The sight of the morning commute, with roads filled with seemingly identical black Mercedes 190D's, was something to behold. They also had regular buses, but the taxis formed the backbone of the system.

Here, we seem fixated on large scale. True, a ten-car passenger train uses less fuel per passenger/mile than a car with five people, but only if the train is full. The flexible, relatively market-driven and lightly-regulated taxi fleet of Beirut in 1970 formed a far superior transportation system to the bus or rail systems in most of our cities. it saddens me to see how rigid we've become in transportation options.

John
Dingus Milktoast

Gym climber
And every fool knows, a dog needs a home, and...
Apr 23, 2013 - 04:32pm PT
Berlin also has a fleet of Mercedes taxis, but they are tan not black. Taxis everywhere.

But they also have a first class train and tube system, publicly funded. Hmmmmn, those trains run on time, too.

Oh and Germans seem to ride a shitload of bicycles as well. And then there is the walking - they seem to prefer getting off the train and walking the rest of the way to work (or where ever else they wish to go).

I saw very few fat Germans.

But you know what? Neither Berlin nor Beruit examples will work here in the US. Its just different.

DMT
BASE104

Social climber
An Oil Field
Apr 23, 2013 - 04:35pm PT
The taxi driver was smart. He got multiple fares with the same expense as taking one passenger. I assume that one of his main costs was fuel.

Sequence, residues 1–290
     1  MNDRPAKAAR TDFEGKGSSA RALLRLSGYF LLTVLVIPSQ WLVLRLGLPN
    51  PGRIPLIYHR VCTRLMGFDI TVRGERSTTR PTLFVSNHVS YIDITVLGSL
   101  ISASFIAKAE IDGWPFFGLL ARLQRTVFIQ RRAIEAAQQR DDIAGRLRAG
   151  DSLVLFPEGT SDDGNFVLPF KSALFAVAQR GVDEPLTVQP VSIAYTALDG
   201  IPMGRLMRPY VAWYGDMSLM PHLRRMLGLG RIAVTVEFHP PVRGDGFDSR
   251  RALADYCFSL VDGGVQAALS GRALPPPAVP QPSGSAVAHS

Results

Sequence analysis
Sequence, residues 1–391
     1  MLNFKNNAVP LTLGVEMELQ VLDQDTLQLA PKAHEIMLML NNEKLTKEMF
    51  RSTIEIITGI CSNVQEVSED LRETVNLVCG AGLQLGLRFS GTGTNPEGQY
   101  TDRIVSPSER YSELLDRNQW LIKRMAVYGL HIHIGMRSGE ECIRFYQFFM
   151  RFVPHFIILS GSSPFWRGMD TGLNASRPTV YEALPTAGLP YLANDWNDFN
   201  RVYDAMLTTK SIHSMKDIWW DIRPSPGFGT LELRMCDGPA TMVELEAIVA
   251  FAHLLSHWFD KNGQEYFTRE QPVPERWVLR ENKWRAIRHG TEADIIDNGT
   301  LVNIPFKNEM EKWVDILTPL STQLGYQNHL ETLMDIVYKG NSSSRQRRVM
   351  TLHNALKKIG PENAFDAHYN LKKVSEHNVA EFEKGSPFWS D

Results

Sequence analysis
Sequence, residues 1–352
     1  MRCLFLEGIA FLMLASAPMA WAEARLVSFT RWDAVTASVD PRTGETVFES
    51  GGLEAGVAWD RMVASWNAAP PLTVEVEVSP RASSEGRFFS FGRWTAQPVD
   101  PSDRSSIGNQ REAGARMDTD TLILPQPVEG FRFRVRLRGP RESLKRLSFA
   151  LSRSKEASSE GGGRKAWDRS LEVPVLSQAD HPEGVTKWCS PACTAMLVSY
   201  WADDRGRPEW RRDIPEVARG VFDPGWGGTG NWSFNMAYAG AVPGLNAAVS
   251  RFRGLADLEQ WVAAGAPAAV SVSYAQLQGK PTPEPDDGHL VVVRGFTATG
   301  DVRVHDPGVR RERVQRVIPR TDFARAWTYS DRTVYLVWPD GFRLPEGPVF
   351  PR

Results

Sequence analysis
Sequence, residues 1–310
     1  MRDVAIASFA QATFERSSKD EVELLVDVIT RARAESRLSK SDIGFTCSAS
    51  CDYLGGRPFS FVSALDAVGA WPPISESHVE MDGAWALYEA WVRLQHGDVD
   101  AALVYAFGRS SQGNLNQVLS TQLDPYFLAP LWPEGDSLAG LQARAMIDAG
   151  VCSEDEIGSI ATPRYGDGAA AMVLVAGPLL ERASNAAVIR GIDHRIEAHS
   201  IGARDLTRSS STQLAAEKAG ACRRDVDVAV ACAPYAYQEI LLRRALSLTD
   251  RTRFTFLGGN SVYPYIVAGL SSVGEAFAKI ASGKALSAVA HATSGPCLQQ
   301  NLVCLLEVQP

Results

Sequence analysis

There is a really good point to be made here. Car pooling or just not driving...any way to more efficiently use carbon based fuels, is the way to go. Instead, if you are on a commute, count how many cars there are that contain one person.

Many mining companies pay for clean-ups of old environmental damage to the groundwater. There was an old lead-zinc smelter in northern Oklahoma, and I believe the legacy owner ended up being Phelps-Dodge. My wife headed the state monitoring of the clean up, and she said that they were quite easy to work with. Cleanups are part of their budget. Other companies run and hide like crazy over superfund or RCRA laws.

My wife is a high ranking worker at the state land protection division. I hear about environmental cleanup woes and successes every night at dinner.

I'm not saying that all mining is good. All I'm saying is that the human race has been mining since before the Bronze Age. We still need and use metals, no matter how green you think you are. So I really get pissed when somebody sneeringly calls companies greedy.

They are no more greedy than most of us as individuals. This is just what they do. Most acid mine runoff is from old, old, sulfide deposit mines. When that rock finally meets fresh water, which is acidic, it weathers the tailings. With modern mines you have to treat the runoff.

We are caught up in this catch 22. People get angry over ugly environmental damage, but when product prices go up, they blame greedy companies who simply sell the metals or oil or coal on the open market.

We are the ones who demand. We need to cut demand on nigh everything, but particularly with carbon based fuels.

By the way, air travel is by far the least efficient form of travel when it comes to oil use.

Me? I get up, walk fifteen feet to my home office, fire up the computers, and go find oil and gas without ever driving. The only real trip that I've been on this year was a 4 hour round trip (alone) last week, for a meeting with a client.

Just be careful about how you use what little oil we have left. The days of cheap wells and gushers is long gone. The true cost of oil is mainly overseas, where entire countries and lives are involved. If we used half of what we use, we wouldn't be reliant on the middle east, and we could yank out our huge military presence.